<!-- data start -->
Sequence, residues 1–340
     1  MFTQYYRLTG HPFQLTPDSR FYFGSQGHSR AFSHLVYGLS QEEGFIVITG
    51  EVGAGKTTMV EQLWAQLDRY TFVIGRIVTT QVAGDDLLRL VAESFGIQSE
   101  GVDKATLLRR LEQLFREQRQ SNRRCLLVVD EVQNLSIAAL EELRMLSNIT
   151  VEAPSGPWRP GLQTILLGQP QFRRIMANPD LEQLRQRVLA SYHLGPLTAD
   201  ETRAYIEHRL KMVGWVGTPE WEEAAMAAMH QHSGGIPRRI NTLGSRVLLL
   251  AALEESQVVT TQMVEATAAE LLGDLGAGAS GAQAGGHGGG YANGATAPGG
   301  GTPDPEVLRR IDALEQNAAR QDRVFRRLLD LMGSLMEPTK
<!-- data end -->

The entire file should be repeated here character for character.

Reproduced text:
Sequence, residues 1–340
     1  MFTQYYRLTG HPFQLTPDSR FYFGSQGHSR AFSHLVYGLS QEEGFIVITG
    51  EVGAGKTTMV EQLWAQLDRY TFVIGRIVTT QVAGDDLLRL VAESFGIQSE
   101  GVDKATLLRR LEQLFREQRQ SNRRCLLVVD EVQNLSIAAL EELRMLSNIT
   151  VEAPSGPWRP GLQTILLGQP QFRRIMANPD LEQLRQRVLA SYHLGPLTAD
   201  ETRAYIEHRL KMVGWVGTPE WEEAAMAAMH QHSGGIPRRI NTLGSRVLLL
   251  AALEESQVVT TQMVEATAAE LLGDLGAGAS GAQAGGHGGG YANGATAPGG
   301  GTPDPEVLRR IDALEQNAAR QDRVFRRLLD LMGSLMEPTK